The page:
This isn’t just literal, it translates into this:

If we can’t uplift ourselves when we are down, can’t do things to empower ourselves; when we perpetuate cycles of self-sabotage, no matter how small, we tell ourselves and others that it is okay to abuse ourselves. We tell ourselves we would choose to wallow and harbour this stagnancy.

Or we can choose not to. We can choose to instead, ask ourselves how this helps? Where we gave into these cycles? Why we think this way? It is my opinion, that we have a chance to master ourselves in a life time. To become, however slowly, as good as we can be at being us.

Look, I know sometimes you do need to wallow. Grieve. Scream. Tremor, cry, and understand what it is to be empty and full in so many ways. I am not asking you to forfeit these experiences; but I am asking you to look at what is necessary and what is habitual? Our habits form our lives; so if you make it a habit to wallow, that is different than making it a habit to feel. To express and delve into and honour those feelings. It is different to explore them than to harbour them. Every day, we get to focus a sacred energy into creating ourselves. We are all creative beings – so by “dating yourself”, you are creating circumstances in which to create the self that you want to love, and be loved by.

Something absolutely revolutionary happened to me in my relationship (well, a couple of things). The first is this; one day, I wasn’t feeling so hot. I was anxious and upset and I wanted my partner to come over and rub my feet and listen to my woes and tell me everything was okay. I wanted him to be there for me while I took all my stress out on him. I almost called him – but then I reevaluated.

It’s one thing to vent to a partner and to work with them on figuring out what’s bugging me. It’s another thing to dump it on them and put pressure on them to make me feel better.

I ended up not calling him. I sat down and meditated and did every thing that I absolutely did not want to do and was completely avoiding. I cleaned up my apartment. I paid some bills. I went to the grocery store, and on my way there I saw the skating rink. It was a beautiful, mild night and I thought of him and all the times we had wanted to go skating. I sent him a message to see if he wanted to go – he had no idea how I had been feeling earlier, I’d left him to his own devices and life.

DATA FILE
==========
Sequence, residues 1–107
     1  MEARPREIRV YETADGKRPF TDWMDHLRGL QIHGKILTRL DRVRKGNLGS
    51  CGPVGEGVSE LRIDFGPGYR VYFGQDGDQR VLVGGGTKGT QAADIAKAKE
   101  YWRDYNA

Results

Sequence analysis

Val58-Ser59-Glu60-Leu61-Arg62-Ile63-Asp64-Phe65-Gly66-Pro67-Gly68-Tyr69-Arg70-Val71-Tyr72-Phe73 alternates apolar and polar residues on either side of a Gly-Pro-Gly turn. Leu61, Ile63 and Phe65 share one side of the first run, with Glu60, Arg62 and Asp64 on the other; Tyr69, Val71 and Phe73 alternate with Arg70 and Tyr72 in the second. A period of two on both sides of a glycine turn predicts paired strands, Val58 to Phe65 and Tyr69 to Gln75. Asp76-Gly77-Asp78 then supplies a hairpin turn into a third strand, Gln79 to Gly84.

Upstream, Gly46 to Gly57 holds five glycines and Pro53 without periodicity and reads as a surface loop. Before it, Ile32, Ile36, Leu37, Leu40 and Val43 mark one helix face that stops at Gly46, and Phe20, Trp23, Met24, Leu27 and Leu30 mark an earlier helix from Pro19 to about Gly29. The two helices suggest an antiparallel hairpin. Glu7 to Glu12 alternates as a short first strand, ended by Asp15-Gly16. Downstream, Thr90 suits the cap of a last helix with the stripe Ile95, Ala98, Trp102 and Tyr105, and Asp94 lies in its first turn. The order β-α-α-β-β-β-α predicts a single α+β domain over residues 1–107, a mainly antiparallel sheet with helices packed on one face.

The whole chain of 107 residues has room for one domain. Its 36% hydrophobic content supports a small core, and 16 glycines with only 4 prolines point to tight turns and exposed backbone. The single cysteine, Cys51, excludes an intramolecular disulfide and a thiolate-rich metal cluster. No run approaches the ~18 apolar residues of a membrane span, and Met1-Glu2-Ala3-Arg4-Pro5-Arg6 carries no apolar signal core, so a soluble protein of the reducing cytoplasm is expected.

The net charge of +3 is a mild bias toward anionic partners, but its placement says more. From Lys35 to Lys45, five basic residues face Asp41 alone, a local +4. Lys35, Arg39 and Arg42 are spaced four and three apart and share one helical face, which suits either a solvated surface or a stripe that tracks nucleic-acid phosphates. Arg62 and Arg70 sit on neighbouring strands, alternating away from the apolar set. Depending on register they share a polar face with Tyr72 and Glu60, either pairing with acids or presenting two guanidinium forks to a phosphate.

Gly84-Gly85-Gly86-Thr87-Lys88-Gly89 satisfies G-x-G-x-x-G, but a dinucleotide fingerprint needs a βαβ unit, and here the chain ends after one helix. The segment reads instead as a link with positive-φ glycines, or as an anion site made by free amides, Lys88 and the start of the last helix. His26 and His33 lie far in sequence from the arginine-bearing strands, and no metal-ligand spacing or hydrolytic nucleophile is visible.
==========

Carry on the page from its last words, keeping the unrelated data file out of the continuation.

I didn’t get a message back, but on my walk home I ended up seeing him as we walked by the skating rink. We embraced and laughed at the serendipity of life – that he was going to take a cab home but decided to walk, that I had accidentally rerouted myself. He didn’t have his phone on him, and was wondering what I was doing when he saw me. I was in a much better place and shared with him my earlier revelation in actions – and he appreciated it. He had gone bouldering that night and had also been grumpy before hand. As we had both taken the space and time to deal with ourselves as individuals, we could come into the space of our relationship from a place of wellness. We hadn’t needed anything from each other, other than needing to take responsibility for our autonomous selves.

Last night, he showed up unannounced at my door with a bouquet of flowers. It was a long, messy, full weekend and both of us were exhausted by the end. It was his birthday, and the last day of the weekend we stayed at his apartment and I helped him organize everything. We got rid of 3.5 bags of clothes and cleared the counters and made the space more livable and less cluttered. He had shown his appreciation to me in a hundred different ways; and yet there is no cap on the kind of love you would give to yourself. He brought me flowers not for any other occasion or reason than I would appreciate them. He showed me love the way I show love for myself.

I get a lot of comments about my relationship, my partner, how great he is, how great I am. The truth is, it all starts with what you are willing to give to yourself. It’s simple. It’s challenging. It’s life changing.

If you need a kick start with all of this, I would highly recommend Julia Cameron’s book The Artists Way. It is a beautiful collection of self-inquiring tasks and prompts that, over 12 weeks, helps you uncover your creative self. Whether you see yourself as a “creative” person or not, the truth is we are all creating our realities at any given moment and if we take control of that then we are limitless.